Government responds to the Hargreaves Review.
Ministers have today outlined plans to support economic growth by modernising the UK’s intellectual property laws.
The government is accepting a number of recommendations made by Professor Ian Hargreaves in his report, Digital Opportunity: A review of intellectual property and growth, which also estimated the reforms could benefit the economy by up to £7.9 billion.
“The Government is focused on boosting growth and the Hargreaves review highlighted the potential to grow the UK economy by up to £7.9 billion,” Business Secretary Vince Cable said.
“We are accepting the recommendations and will now set about reforming the UK’s intellectual property rules. Creative businesses need to be free from unnecessary restrictions in areas such as copyright so they can thrive and prosper.”
Recommendations that have been accepted include:
- the UK should have a Digital Copyright Exchange where licences in copyright content can be readily bought and sold
- copyright exceptions should be introduced which cover limited private copying, for example copying music from a legitimately-purchased CD to an MP3 player
- copyright exceptions to allow parody should also be introduced to benefit UK production companies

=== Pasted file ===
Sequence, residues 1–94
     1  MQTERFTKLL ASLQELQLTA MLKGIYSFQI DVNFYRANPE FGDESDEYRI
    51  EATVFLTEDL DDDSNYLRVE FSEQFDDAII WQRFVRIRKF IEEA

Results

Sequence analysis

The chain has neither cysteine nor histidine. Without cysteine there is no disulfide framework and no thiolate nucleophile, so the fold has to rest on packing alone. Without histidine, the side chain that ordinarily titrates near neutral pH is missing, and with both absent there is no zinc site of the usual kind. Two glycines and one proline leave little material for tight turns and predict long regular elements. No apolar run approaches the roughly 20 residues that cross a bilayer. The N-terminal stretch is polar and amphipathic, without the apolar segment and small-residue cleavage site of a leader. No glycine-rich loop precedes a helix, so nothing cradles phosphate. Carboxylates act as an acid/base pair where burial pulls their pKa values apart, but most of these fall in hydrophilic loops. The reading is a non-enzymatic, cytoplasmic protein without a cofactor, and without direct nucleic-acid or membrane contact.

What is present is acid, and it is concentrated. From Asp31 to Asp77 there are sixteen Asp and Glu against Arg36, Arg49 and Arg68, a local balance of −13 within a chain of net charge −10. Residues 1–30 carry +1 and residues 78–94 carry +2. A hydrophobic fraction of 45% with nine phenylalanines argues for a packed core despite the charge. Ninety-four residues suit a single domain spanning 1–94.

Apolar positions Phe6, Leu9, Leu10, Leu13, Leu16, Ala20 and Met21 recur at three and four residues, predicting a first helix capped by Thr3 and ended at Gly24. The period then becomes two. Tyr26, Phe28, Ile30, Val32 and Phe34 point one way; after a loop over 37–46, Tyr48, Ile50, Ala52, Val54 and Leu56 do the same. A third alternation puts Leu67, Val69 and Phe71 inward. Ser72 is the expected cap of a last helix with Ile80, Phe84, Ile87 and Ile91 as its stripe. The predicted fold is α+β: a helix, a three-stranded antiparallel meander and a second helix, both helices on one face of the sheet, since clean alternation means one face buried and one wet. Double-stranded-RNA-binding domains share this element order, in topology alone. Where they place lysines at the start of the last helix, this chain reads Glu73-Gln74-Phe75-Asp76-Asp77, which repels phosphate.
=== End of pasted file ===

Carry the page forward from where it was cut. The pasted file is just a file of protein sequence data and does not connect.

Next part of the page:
- licensing and clearance procedures for orphan works (material with unknown copyright owners) should be established
Alongside the response to the Hargreaves Review, a new intellectual property crime strategy and international strategy for intellectual property have been published. The response also sets out the next steps for implementing the mass notification system in the Digital Economy Act. This involves letters being sent to internet account holders telling them their internet connection has been identified as linked to unlawfully shared copyright material.
A £20 fee will be introduced for subscribers wishing to appeal after receiving a notification letter, which will be refunded if the appeal is successful. A report by Ofcom, published today, identified a risk of the system being overwhelmed by vexatious appeals and the charge aims to prevent this.
Creative Industries Minister Ed Vaizey said the copyright system should be updated for the new digital age but that businesses must still be able to protect their work. “The UK’s creative industries are a key part of our economy but online copyright infringement poses a real threat to their continued success. Our creative industries must be able to protect their products and the Digital Economy Act will help them do that,” the Minister added.
Ofcom had also been asked to consider whether the site-blocking provisions in the Act would work in practice and concluded in a report released today that, as they stand, they would not be effective. As a result, the provisions will not be brought forward at this time.